At the time the records are destroyed, it can be a good idea to retain a record of what documents were destroyed and the date it was performed.
Often this can simply take the form of a spreadsheet that lists the type of document, the date it was destroyed, and the signature of the person that destroyed them.
How Should Payroll Records Be Stored?
With the exception of certain state requirements, there are generally no specific requirements relating to how payroll records should be stored.
Traditionally these documents would simply be stored in locked filing cabinets with limited access due to their sensitive nature.
However, increasingly these forms are stored digitally in order to simplify the storage and disposal process.
When payroll records are stored digitally, it is important to ensure that they remain organized and secure.
In order to ensure the security and safe storage of these crucial records, many companies pay for off-site storage or dedicated software to track and store these documents.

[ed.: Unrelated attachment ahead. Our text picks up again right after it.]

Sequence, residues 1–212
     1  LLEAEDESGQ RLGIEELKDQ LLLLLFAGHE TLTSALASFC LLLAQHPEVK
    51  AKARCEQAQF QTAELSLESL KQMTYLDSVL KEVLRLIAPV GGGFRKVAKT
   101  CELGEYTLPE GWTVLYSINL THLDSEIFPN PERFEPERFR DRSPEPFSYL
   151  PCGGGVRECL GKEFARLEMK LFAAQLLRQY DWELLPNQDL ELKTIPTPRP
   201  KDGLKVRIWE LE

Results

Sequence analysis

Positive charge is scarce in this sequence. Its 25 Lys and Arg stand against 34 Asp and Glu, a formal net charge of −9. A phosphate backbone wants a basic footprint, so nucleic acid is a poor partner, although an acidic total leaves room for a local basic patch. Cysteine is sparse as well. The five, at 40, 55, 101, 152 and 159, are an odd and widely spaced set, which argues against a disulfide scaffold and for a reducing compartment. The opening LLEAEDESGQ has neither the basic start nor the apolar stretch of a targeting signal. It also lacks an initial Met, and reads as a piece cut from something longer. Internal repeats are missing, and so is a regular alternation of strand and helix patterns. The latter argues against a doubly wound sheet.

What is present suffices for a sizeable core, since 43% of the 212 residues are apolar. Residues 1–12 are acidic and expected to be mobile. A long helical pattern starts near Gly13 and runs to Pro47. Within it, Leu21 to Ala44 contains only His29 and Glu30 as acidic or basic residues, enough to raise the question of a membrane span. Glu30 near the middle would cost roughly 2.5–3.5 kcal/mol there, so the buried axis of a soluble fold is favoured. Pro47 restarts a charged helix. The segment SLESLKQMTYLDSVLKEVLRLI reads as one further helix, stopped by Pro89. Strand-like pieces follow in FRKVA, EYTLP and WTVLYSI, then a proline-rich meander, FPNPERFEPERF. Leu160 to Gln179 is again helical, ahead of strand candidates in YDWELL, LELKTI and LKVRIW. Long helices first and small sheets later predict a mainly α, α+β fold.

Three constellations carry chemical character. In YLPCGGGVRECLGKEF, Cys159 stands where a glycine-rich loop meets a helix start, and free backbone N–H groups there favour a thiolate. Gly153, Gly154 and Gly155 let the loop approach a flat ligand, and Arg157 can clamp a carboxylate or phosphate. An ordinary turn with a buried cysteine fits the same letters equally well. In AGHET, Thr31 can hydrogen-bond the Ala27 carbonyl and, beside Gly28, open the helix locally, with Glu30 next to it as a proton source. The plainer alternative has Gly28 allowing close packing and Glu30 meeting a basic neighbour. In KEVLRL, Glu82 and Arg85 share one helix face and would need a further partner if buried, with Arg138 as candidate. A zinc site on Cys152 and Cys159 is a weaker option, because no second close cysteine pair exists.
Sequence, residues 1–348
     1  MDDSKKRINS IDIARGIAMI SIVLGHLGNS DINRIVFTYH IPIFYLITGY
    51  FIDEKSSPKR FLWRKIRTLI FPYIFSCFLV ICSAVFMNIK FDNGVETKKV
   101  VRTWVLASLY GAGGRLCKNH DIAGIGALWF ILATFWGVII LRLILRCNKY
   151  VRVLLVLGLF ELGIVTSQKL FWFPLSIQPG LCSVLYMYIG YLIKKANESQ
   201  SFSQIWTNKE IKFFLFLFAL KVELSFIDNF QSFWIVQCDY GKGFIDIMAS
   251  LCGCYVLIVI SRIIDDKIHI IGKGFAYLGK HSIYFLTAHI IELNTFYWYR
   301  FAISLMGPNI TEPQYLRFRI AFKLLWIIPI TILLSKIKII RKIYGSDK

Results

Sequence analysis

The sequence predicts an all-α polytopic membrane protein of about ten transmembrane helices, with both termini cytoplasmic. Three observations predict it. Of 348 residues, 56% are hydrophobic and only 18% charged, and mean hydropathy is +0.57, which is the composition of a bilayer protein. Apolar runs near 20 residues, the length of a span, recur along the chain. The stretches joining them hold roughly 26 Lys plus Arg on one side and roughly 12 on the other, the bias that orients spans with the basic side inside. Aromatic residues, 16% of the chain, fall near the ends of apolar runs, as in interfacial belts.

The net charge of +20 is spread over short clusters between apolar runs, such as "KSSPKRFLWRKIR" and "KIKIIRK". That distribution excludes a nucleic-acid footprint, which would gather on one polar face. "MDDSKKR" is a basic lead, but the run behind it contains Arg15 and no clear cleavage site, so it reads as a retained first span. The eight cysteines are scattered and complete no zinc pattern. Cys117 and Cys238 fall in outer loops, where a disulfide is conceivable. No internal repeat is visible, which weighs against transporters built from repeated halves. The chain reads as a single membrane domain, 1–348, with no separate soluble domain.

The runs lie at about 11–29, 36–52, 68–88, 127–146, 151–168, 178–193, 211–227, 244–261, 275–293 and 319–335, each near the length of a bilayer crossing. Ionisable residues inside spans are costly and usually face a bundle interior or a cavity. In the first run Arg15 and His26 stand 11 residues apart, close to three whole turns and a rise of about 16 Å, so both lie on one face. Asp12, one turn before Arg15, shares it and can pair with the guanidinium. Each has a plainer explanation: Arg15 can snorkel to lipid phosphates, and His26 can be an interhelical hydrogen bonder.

Regardless of the storage method that is chosen, it is important to ensure that it is manageable so that it can be used in a consistent manner to ensure that records are secure and able to be accessed whenever necessary.
The Bottom Line
Payroll records include all documents related to how a company compensates its employees.
This includes a wide range of documentation, including employee schedules, pay stubs, tax withholding forms, and often much more, which should be retained in compliance with state and federal requirements.